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What is archeological curation?

  (photo) Archeological objects stored in stacked and compressed cardboard boxes.
Not only are archeological collections sometimes stored in inappropriate facilities, but these materials may suffer further from compression damage, water damage, and pest infestation.From the photograph collection of the U.S. Army Corps of Engineers, St. Louis District.

Archeological curation is an ongoing process. It involves the making of collections and their care and management over the long term. It also involves their accessibility to a variety of users for a number of uses.

Every archeological project produces an archeological collection. A collection of material remains may result from work at a single site or from a single investigation or project that involves a number of sites. Academic research and some contracted projects may yield a collection or series of collections from work at a single site over a number of years.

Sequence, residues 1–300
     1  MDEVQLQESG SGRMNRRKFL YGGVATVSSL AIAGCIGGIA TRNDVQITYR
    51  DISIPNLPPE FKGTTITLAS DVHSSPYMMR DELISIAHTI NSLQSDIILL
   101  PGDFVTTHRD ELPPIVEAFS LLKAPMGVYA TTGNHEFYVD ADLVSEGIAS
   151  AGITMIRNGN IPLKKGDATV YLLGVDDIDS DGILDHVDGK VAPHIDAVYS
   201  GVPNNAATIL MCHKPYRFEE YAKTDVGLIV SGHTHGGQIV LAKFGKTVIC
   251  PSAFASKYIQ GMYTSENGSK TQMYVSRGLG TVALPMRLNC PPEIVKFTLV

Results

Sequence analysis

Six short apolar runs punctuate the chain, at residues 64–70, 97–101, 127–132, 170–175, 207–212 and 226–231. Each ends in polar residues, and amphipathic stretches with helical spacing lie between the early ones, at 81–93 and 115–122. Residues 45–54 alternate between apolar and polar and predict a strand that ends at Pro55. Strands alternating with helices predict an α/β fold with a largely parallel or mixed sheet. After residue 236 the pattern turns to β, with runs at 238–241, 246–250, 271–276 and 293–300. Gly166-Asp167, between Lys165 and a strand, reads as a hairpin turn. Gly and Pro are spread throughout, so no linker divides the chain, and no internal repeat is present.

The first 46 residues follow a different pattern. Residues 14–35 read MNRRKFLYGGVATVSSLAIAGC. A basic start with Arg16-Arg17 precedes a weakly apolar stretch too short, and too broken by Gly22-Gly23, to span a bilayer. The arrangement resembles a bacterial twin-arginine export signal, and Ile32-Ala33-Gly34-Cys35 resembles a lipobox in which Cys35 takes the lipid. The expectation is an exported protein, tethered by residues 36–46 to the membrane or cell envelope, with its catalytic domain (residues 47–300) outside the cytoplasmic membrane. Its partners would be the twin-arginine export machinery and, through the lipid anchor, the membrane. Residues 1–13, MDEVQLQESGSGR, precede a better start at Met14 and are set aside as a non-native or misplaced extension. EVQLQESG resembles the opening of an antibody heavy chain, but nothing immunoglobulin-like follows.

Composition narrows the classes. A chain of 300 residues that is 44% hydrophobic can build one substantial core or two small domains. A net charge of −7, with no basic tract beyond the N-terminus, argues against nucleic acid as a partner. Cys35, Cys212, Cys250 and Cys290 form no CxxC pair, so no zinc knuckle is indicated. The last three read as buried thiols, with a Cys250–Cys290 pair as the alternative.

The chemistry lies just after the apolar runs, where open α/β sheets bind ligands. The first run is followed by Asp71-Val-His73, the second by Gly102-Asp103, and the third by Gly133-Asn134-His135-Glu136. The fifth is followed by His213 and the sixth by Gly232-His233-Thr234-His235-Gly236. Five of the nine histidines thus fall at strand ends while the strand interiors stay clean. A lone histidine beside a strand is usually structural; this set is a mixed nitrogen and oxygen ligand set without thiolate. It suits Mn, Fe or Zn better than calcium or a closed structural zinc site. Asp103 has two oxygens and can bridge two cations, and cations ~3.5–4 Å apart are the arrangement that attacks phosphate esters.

While many people might think of an archeological collection as only the objects or artifacts collected during an excavation or survey, other items are involved. These include:

It is important to understand that certain projects may yield an archeological collection that only consists of associated records. Such a project might be a survey during which no artifacts or specimens were recovered or no sites were found, but a contract and scope of work were written and signed, field notes were made, and a final report was written and distributed.